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Thursday, March 26,2015

Rock, Snow, Water, Ice: Glenwood’s Outdoor Options

Skiing: Aspen is 45 minutes away. You can drive or take the RAFTA bus. Closer yet is Sunlight, a 680-skiable-acre gem that is only 20 minutes from town. With daily lift tickets averaging a mere $45, it’s well worth the visit and will reward adventurous skiers with plenty of untracked snow on powder days.
Thursday, March 26,2015

Powder, paranormal and more: The underrated adventure sports mecca of Glenwood Springs

By Tom Winter
There were ghosts, they told us. Strange bumps and sounds in the night. Lights that turned on and off for no apparent reason. Doors that slammed shut, suddenly and without warning. Things that kept you up at night. We thought about it and then climbed into the deep softness of our bed.
Thursday, March 19,2015

Alone among a billion

By Elizabeth Miller
He’d gone to music school and continued to play music as a creative outlet while building a career at a software company and supporting a family. Writing didn’t need to be added to the list of things he did with his time, but somehow, it added itself..
Thursday, March 19,2015

The everyman ultrarunner

CU grad student runs 12 100-mile races in 12 months

By Taylor Winchell
Greg Salvesen, an astrophysics graduate student at the University of Colorado Boulder, didn’t compete on his high school track team. His running hobby began in college with a casual exercise routine, generally peaking around eight miles. In 2008, he completed his first half-marathon. After moving to Boulder in 2009, however, Salvesen was quick to discover that there is no reason to stop moving at 13.1 miles, or even close to it.
Thursday, March 12,2015

All guts, no glory

Local climber Jason Haas is on a mission for self-discovery, and he hopes he never tops out

By Steven Grossman
As Jason Haas clears off a tabletop littered with fake fruits and vegetables, piling them into a plastic shopping cart that barely reaches his knees to the sounds of his giggling son shuffling across the kitchen, the mountaintop solitude that defined his life 15 years ago seems far off. Now a full-time math teacher with a wife and two kids and owner of climbing guidebook publisher Fixed Pin Publishing, Haas is juggling his priorities. Anchored to the delicate balance between the responsibilities of a husband and father and the call of the mountains, Haas has started planning ways to find the adventure and introspection climbing offers him a little closer to home, and he’s setting out to help others do the same.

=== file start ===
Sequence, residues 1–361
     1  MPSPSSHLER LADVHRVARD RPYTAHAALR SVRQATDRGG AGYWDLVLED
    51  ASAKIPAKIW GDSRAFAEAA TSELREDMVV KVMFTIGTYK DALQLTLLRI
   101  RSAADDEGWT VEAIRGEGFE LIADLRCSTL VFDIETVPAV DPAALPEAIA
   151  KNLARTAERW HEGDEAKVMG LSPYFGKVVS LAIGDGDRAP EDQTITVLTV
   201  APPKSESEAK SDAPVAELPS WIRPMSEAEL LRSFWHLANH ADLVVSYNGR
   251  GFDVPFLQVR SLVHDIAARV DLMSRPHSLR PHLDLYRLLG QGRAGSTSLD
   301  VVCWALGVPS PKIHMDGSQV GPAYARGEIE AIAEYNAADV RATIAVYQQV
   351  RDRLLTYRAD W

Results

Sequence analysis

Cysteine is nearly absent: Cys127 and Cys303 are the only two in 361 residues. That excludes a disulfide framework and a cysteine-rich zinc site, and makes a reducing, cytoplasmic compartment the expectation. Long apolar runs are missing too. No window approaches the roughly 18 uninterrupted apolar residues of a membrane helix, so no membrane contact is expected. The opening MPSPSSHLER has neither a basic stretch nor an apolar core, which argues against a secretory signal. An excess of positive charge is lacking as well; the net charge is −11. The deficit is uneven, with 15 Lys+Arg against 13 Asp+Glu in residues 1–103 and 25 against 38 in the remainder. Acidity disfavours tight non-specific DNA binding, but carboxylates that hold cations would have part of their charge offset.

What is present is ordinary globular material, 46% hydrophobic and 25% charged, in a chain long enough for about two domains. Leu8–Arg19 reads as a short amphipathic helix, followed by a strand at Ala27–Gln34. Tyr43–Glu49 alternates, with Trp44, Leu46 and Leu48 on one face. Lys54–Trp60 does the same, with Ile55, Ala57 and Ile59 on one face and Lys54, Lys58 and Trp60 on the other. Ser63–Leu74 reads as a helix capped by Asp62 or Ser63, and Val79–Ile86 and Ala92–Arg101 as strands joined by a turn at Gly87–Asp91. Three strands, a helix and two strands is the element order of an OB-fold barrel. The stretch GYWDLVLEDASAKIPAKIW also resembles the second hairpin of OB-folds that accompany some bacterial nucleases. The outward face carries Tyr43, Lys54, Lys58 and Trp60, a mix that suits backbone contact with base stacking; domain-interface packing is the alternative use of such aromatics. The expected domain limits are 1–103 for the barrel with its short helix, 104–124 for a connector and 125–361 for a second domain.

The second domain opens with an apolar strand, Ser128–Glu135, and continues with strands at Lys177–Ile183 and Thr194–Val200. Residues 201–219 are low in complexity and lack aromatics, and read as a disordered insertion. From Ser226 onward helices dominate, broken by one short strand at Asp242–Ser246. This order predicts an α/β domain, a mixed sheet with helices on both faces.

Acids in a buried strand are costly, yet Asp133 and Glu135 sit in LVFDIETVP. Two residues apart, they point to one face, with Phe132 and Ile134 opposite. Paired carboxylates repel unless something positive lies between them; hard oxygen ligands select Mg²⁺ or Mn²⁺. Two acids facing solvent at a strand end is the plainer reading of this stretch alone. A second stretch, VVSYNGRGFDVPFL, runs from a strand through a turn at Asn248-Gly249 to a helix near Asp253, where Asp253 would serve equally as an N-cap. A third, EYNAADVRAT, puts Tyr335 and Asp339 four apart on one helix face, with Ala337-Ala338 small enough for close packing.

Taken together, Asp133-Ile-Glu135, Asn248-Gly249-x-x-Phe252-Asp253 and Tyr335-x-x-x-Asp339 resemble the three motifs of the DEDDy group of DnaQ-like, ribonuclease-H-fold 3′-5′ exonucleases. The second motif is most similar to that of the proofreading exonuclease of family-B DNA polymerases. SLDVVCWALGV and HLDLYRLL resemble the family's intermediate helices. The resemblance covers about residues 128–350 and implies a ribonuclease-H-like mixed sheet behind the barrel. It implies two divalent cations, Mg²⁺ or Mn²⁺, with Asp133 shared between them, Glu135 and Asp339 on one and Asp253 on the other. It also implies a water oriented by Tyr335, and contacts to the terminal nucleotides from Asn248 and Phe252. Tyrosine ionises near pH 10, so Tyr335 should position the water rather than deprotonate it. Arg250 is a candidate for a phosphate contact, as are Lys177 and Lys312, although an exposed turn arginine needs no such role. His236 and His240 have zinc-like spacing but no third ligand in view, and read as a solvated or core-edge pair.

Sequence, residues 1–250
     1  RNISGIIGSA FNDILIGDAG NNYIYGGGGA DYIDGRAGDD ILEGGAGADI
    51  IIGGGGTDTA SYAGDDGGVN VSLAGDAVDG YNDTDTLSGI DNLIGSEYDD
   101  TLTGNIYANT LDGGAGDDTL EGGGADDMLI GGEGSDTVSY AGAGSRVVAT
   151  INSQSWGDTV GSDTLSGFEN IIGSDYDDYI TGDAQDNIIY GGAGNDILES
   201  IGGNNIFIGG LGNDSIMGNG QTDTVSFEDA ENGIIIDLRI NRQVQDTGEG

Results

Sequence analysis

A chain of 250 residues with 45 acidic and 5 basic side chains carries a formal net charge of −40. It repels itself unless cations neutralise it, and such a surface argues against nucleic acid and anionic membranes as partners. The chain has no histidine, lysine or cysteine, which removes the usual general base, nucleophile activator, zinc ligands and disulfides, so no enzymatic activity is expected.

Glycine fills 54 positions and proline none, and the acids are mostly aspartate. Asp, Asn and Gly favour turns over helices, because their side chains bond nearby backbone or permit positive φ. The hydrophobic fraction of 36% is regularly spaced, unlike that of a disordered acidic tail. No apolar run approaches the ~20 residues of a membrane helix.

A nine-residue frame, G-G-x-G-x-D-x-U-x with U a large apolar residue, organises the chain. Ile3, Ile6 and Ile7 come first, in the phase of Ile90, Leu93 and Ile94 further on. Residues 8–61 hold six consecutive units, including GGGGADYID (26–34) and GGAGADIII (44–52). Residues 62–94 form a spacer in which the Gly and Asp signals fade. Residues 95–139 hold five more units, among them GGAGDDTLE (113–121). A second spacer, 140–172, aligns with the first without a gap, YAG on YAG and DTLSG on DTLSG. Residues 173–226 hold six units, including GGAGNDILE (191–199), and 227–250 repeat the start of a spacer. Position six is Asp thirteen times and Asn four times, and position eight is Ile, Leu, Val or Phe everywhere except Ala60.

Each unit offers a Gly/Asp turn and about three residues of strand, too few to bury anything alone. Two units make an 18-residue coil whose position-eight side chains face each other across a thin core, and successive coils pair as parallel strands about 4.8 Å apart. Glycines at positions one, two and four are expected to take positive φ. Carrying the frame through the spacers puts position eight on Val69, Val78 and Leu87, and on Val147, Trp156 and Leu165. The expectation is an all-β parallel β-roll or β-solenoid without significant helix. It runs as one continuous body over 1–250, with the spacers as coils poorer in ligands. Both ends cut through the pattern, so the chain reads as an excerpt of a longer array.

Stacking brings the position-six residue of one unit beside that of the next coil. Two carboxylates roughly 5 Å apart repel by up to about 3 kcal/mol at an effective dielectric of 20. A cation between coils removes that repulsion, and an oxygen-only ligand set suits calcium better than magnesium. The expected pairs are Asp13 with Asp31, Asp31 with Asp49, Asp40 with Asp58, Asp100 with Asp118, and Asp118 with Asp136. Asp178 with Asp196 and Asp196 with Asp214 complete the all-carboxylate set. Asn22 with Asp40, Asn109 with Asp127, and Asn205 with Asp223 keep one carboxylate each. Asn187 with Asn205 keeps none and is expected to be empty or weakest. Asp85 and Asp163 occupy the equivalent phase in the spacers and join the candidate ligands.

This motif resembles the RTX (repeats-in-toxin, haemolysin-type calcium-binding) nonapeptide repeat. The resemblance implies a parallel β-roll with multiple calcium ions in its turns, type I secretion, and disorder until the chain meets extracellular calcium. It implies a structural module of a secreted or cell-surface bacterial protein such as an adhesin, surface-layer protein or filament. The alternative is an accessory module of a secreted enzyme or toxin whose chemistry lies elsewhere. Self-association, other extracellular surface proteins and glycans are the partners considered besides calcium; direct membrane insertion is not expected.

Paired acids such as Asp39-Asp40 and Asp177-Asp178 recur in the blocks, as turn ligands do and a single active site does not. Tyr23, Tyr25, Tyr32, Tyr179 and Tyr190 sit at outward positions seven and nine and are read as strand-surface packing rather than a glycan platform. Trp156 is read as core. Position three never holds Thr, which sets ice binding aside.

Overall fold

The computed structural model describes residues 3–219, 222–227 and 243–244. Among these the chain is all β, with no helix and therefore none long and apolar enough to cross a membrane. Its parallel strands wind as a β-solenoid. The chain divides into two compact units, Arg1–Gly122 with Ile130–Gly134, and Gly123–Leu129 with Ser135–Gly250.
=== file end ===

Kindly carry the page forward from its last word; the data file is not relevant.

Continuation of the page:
Thursday, March 5,2015

A home out of doors

One mountain guide on how the mountains have become her country of origin

By Mary Reed
Norie Kizaki’s origin story is atypical for a Boulderbased skiing and rock climbing guide. She was raised in a rural Japanese Buddhist monastery — and if you’re picturing an idyllic gabled temple tucked in amongst rocks and gardens, Google “Nata-dera” and you won’t be disappointed.
Thursday, February 26,2015


When Brolin Mawejj was 12 years old, he made his way from Uganda to America — alone. He had spent his life living in a crowded, abusive home with his father and seven siblings. His journey to America was a mission to escape the abuse and meet his mother, who he hadn’t seen since he was two years old.
Thursday, February 19,2015


It kills one climber for every four who summit, is steeper and has less predictable weather than Everest and is nicknamed the “Savage Mountain.” In 2009, two world-class alpinists, two veteran climbers and a director documented their attempt to summit it — “it” being K2.
Thursday, February 19,2015

‘Drawn’ to create new lines

How an artist and climber created an epic journey for himself and monumental tribute to a friend and mentor

By Elizabeth Miller
What would you do, if you were a 30-something parent with a career and a mortgage, and still felt the call of the wilderness, not just for weekend camping trips and days at the local crag sport climbing, but to venture into the unknown, to climb...
Thursday, February 12,2015


Markus Beck’s made a living out of pushing boundaries, but now those boundaries are pushing back

By Steven Grossman
Markus Beck describes himself as a “risk manager,” and if you glanced at his resume, it’s clear he manages plenty of it. As an avalanche safety instructor and the owner of a mountain guide service, risk is often the one thing Beck can’t avoid. His company, the Boulder-based Alpine World Ascents, has, in many ways, made risk into a business — or rather, the mitigation of risk. But with the U.S. Forest Service limiting the number of active permits allowed on forest lands, teaching other people how to manage risks in the backcountry might just be the part of his business he has to bury.